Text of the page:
“It’s a war chest. I don’t think there has ever been this kind of money poured into Puyallup,” Palmer told The News Tribune. “They are basically supporting three candidates. Coming on the heels of the court decision, they are looking at different ways to get their project.”
Candidate Curt Gimmestad is running in District 3. He is the vice president of the Associated General Contractors of Washington Builders, a PAC that has donated $5,000 to Friends of Puyallup. Gimmestad addressed voters in a Facebook video on his warehouse views.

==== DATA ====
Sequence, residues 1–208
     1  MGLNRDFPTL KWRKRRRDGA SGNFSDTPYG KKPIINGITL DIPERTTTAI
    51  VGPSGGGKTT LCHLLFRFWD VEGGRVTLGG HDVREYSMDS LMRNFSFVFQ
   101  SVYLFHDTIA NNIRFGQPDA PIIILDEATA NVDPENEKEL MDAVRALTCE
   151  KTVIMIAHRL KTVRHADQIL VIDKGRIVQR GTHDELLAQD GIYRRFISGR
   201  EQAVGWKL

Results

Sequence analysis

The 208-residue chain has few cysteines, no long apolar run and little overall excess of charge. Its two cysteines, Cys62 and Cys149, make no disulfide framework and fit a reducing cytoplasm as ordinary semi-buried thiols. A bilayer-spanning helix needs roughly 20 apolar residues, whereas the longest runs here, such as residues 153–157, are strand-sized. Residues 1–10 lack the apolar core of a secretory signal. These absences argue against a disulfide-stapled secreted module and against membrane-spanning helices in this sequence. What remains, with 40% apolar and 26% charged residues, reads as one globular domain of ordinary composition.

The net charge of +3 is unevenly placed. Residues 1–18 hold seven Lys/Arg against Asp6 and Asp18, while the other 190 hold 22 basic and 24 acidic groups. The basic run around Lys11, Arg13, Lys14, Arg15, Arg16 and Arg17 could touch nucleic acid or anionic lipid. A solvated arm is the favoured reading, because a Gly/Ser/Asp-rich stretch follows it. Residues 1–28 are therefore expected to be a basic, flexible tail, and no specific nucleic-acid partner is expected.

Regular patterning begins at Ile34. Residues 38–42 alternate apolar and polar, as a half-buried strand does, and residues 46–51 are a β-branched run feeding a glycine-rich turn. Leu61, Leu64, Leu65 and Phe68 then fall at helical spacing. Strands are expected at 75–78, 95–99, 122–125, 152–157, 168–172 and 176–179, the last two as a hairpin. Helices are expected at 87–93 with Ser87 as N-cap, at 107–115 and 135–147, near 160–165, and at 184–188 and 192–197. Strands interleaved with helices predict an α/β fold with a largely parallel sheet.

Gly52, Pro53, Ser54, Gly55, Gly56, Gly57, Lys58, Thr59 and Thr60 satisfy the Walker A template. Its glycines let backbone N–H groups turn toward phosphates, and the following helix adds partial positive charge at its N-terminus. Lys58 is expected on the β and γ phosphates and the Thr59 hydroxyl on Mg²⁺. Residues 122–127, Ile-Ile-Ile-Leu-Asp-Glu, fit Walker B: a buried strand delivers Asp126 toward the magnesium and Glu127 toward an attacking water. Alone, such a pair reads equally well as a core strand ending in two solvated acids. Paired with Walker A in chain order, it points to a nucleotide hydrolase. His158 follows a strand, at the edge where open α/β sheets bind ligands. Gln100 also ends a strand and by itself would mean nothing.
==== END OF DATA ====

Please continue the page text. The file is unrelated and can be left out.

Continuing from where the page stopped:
“I don’t like the idea of warehouses anymore than most feel in this city, and I believe the city has the right to understand the environmental impacts as it relates to infrastructure and how that would deal with traffic,” he said in the video. “I also believe property owners can develop their property in the confines of the allowed use, and the development requirements.”
The crux of the issue
The dispute stems from a proposal to develop the Knutson Farms, once a daffodil bulb farm in unincorporated Pierce County, into a seven-warehouse site.
Knutson Farms is on Shaw Road and borders Puyallup. In 2014, the owner, Roger Knutson, began talks with Pierce County, and the farm was rezoned as an “employment center” for a proposed 2.6-million-square-foot warehouse project.
The site would bring hundreds of warehouse jobs.
The proposal also is estimated to bring 2,000 tractor-trailers through Puyallup daily, Palmer said.